Have you thought about what would happen if your spouse or partner died today? It’s not a pleasant thought, but it is an event for which we should all plan ahead. I am not talking about buying life insurance; but I am talking about steps to make sure your life goes on and that you can grieve your loss with fewer complications. If you are married, the state and laws of intestacy make some decisions for you if you don’t have a will. However, it would be better to plan ahead and NOT rely on these laws.
This post will focus solely on a few things that you can do in advance to make losing a spouse easier on your financial life. This way, you can grieve for your spouse and you won’t be left scrambling to find information, contacts, and important documents while distraught. Prepare a special binder or folder for that inevitable day. If you are a couple of modest means, a nice folder should suffice. If you have more to deal with such as investment accounts, businesses, or real estate, you may wish to have a binder with more sections.
The following is just a sampling of the documents to include (your binder may have more sections and documents):
- Insurance contracts
- Will and/or Trust
- Durable Powers of Attorney
- Medical Directive
- A password list (online accounts, social media platforms, etc.)
- Brokerage account information
- Bank account information
- Real estate deeds and agreements
- Cohabitation agreements (usually for unmarried couples)
- Family advisor contacts list (attorney, CPA, financial planner, etc.)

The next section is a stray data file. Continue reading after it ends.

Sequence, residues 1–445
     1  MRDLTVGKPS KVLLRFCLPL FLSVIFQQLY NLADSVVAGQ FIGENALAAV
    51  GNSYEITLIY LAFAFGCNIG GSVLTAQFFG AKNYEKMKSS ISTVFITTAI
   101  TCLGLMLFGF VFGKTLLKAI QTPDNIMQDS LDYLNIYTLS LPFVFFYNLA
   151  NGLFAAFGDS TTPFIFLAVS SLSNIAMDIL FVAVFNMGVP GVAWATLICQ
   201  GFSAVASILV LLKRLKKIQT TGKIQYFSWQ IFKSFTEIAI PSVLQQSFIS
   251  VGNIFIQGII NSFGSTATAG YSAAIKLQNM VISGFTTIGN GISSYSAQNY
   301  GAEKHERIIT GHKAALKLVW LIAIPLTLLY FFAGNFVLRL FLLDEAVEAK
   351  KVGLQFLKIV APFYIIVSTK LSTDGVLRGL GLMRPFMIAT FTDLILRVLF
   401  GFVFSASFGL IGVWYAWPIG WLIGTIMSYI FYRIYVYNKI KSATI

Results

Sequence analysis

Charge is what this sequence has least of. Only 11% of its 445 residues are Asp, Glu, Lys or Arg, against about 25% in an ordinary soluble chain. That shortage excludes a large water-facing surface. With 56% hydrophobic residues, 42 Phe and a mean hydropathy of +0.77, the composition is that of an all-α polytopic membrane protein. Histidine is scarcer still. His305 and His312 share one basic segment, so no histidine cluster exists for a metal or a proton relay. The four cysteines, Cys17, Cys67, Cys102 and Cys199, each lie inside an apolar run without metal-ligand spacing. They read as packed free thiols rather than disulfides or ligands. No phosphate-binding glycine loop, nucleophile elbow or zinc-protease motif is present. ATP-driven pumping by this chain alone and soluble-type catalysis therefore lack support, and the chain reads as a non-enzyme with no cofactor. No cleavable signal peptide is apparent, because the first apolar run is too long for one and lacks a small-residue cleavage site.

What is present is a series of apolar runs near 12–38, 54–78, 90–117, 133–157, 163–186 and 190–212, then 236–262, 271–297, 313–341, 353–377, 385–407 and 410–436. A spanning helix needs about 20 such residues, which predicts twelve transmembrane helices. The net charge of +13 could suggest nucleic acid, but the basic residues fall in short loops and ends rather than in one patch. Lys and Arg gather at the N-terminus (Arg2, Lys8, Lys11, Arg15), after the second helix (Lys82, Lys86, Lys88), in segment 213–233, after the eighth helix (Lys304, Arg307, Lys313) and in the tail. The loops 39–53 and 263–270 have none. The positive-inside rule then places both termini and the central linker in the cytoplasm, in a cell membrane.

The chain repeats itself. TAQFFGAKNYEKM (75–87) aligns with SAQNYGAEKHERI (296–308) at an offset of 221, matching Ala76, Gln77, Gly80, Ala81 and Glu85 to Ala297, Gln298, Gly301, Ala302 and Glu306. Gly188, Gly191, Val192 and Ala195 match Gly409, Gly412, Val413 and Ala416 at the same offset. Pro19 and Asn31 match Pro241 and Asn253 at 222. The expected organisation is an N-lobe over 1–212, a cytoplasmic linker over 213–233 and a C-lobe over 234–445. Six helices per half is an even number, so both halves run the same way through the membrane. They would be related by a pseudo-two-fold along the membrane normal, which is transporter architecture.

- Letter of instruction (in the event you don't have final instructions in a will)
Keep the following points in mind regarding your binder. Remember, be sure to review and update your binder documents as needed. It would be a good idea to make sure, for example, that your password list is updated frequently. Social media platforms and passwords for bank and brokerage accounts change frequently. You may also need to update your will or powers of attorney if you make changes about your decisions or have new members join your family, or if you simply change your mind about your final instructions. Be sure to let each other know where this binder will be stored. It’s also a good idea to let a close relative or family friend know about your binder and its location. If you do not have a family member or friend that you trust, ask your attorney or other close advisor if they would be willing to safeguard your binder.
This does not have to be a morbid exercise. It’s a loving exercise you can do together with your spouse or partner to take care of each other right up to the end – and beyond! If you haven’t drafted a will or decided what you want for end of life decisions, this exercise could spur that conversation. You take care of one another in life; do so at the end of life as well. If you need help setting up a document binder, contact me. As an independent CERTIFIED FINANCIAL PLANNER™, I can help you. Contact me at 415-226-9773. #talktometuesday #finalwishes #documentsyouneed